Casa Perfect: A Home for Collectible Design
From the outside, the just-opened Casa Perfect is another perfectly lovely, quintessential Victorian townhouse, facing a small park in the West Village. But inside, it’s another story altogether—and a spectacular one. An extraordinary English Oak staircase by architect David Chipperfield rises in switchbacks from the basement to the top floor of a soaring five-story house, leading the visitor to a succession of spaces in which owner David Alhadeff has deployed inviting arrangements of collectible furnishings and objects. Some are custom-order, others are unique or limited-edition designs, and though many of the designers have been represented in his gallery, the Future Perfect, almost all of the pieces are new and specially selected for this venue.
Alhadeff is taking a different approach to marketing high-end design: a residential setting, available only by appointment, where designers and clients can visit comfortably, enjoy personal attention, and avoid the pressure of the typical selling environment. Having first road-tested the idea with considerable success in Los Angeles, where a glamorous Trousdale Estates residence once owned by Elvis Presley provided an altogether different background for modern design, he decided to bring Casa Perfect to New York. The search for a suitable venue wasn’t easy. “I wanted a space where we could treat clients like guests,” Alhadeff says. “It needed provenance and a story to tell. It had to have soul.”
After two and half years, he came upon the townhouse, which had been completely gutted and modernized by Chipperfield and designer David Mlinaric as a bachelor residence conceived for entertaining. The light-filled interior has a central skylight and rear walls that feature windows opening to a spacious landscaped garden. Amenities include a stainless-steel kitchen with a wall of wine storage, wood-burning fireplaces, and a rooftop terrace. “It was strangely perfect for us,” Alhadeff says.
Showing art-furniture and avant-garde accessory objects in room-like settings rather than in the spare surroundings of a gallery or the cluttered confusion of a retail store enables prospective buyers to see how the designs will look in their homes. Extruded ceramic tables by Floris Wubben, brushed bronze and aluminum pieces by Marcin Rusack, and funky vases by Chris Wolston coexist comfortably with curvaceous sofas from Collection Particuliere. Built-in display shelves house traffic-stopping objects: Jonathan Cross’s brutalist ceramics, Nathalie du Pasquier and George Sowden’s Memphis-inspired pieces, and John Hogan’s luminous glass sculptures. Casa Perfect is also showing new unique and limited-edition pieces by Chris Stuart, Chen Chen and Kai Williams, Reinado Sanguino, Marta Sala, and others. One of the most arresting works in the townhouse is not for sale: Suspended in the center of the staircase, from the top floor to the lower level, is a 40-foot-long modular chandelier made from slim lengths of hexagonal brass stock, punctuated by globe bulbs, and designed specially for the space by Charles de Lisle.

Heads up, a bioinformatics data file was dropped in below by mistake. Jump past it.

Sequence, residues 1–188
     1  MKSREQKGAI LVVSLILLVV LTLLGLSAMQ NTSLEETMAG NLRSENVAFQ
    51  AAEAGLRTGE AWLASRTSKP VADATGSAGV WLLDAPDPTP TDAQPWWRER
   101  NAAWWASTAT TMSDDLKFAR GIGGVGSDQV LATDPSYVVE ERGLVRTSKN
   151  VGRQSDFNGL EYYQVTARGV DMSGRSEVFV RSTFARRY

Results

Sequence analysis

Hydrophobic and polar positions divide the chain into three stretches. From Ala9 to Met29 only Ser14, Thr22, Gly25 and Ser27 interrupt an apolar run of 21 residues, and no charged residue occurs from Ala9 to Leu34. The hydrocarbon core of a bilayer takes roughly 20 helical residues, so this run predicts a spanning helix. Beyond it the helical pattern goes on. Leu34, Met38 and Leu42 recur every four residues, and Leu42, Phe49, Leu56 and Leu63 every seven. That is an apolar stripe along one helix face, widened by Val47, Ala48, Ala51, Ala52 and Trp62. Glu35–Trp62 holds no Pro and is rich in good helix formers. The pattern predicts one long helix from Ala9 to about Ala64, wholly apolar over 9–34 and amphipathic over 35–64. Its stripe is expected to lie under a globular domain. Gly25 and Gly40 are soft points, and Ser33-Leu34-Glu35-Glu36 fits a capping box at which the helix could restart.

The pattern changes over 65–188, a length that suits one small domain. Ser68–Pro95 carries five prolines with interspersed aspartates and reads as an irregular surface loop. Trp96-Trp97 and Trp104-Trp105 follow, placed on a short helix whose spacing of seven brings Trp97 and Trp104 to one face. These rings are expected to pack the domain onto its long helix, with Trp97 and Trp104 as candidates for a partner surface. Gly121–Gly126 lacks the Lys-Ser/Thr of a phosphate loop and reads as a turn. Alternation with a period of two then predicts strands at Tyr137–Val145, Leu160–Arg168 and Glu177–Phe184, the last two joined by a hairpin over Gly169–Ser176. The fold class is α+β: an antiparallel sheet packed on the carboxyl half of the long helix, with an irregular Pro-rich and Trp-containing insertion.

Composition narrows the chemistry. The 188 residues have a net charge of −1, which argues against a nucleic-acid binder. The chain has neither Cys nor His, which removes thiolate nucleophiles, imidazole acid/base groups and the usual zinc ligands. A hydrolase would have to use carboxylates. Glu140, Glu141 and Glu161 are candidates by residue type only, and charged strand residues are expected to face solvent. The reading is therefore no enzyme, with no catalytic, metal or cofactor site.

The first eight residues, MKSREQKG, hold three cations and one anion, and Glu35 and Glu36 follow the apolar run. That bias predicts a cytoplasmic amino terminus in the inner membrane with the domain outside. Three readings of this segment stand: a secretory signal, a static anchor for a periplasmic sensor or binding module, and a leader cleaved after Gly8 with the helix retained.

Alhadeff opened the Future Perfect in Brooklyn in 2003, as a retail store specializing in contemporary American design. At the time, little attention was being paid to design in this country, but he found a group of creative young designers, many working locally in the newly-gentrifying borough. As business grew, the store moved to Great Jones Street in Manhattan in 2009, and Alhadeff opened a San Francisco location in 2013. To accommodate the move into collectible design, he opened the first Casa Perfect in Los Angeles in 2017, which succeeded well beyond his expectations and prompted the decision to take the concept to New York—where, if the initial wave of enthusiastic press coverage and the volume of requests for appointments are any indication—will equal or surpass the West Coast results.
The idea of an art salon is not entirely new. As the cost of gallery space in New York has escalated, some small art dealers have been marketing their wares through modest exhibitions in residential settings, but Alhadeff’s venture is on a much grander scale. Every area of the multi-million-dollar townhouse functions as selling space, with all items available for purchase.
In the age of internet buying, when retailers are struggling to entice consumers to leave their screens and come into brick-and-mortar spaces, the idea of shopping for furniture in someone’s home can be uniquely appealing. And Casa Perfect is, indeed, a home: “I’m going to live here,” Alhadeff explains, sounding as delighted as anyone might be at the prospect of living in a fabulous space with fabulous furnishings. And whenever something is purchased by an affluent guest, he’ll have another treasure ready to take its place.